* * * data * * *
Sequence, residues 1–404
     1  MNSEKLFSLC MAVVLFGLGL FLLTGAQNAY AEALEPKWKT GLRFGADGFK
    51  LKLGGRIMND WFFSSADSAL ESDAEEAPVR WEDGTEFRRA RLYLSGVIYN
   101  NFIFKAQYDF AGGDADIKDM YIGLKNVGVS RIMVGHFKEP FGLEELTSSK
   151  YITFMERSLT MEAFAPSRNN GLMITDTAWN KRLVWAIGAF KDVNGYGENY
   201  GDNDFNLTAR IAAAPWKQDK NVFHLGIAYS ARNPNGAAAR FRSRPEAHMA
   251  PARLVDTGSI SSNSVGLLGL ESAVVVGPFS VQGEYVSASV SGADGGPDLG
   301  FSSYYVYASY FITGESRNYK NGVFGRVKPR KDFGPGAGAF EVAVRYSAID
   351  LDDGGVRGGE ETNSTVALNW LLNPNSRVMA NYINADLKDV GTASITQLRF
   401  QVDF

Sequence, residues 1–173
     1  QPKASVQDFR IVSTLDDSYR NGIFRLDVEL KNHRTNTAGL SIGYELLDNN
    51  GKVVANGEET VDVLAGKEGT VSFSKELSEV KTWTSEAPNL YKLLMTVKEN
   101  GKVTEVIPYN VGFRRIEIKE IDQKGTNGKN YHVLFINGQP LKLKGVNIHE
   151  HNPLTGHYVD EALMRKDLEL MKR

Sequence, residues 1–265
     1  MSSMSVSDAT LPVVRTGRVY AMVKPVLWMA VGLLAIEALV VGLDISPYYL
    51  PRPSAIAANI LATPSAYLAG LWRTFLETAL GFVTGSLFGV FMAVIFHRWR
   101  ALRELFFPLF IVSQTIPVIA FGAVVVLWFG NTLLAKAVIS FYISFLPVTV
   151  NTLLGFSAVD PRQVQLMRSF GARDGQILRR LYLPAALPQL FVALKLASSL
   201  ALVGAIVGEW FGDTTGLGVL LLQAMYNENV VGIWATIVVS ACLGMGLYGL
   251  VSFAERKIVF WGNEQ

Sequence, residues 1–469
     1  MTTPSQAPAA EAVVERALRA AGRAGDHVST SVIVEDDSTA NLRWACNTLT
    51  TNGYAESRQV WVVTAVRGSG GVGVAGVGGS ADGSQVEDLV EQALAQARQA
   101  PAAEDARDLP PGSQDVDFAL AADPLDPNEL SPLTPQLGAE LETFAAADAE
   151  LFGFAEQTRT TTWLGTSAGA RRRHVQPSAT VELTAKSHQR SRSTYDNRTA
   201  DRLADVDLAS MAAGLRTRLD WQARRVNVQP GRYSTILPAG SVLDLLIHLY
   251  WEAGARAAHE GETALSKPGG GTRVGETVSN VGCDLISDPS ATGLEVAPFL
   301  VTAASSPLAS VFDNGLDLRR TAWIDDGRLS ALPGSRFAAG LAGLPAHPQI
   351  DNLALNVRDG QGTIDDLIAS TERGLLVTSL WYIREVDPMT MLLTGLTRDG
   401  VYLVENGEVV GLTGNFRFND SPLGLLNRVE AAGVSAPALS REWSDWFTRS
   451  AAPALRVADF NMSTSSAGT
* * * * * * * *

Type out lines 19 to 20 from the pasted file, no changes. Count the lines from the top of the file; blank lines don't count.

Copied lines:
   101  ALRELFFPLF IVSQTIPVIA FGAVVVLWFG NTLLAKAVIS FYISFLPVTV
   151  NTLLGFSAVD PRQVQLMRSF GARDGQILRR LYLPAALPQL FVALKLASSL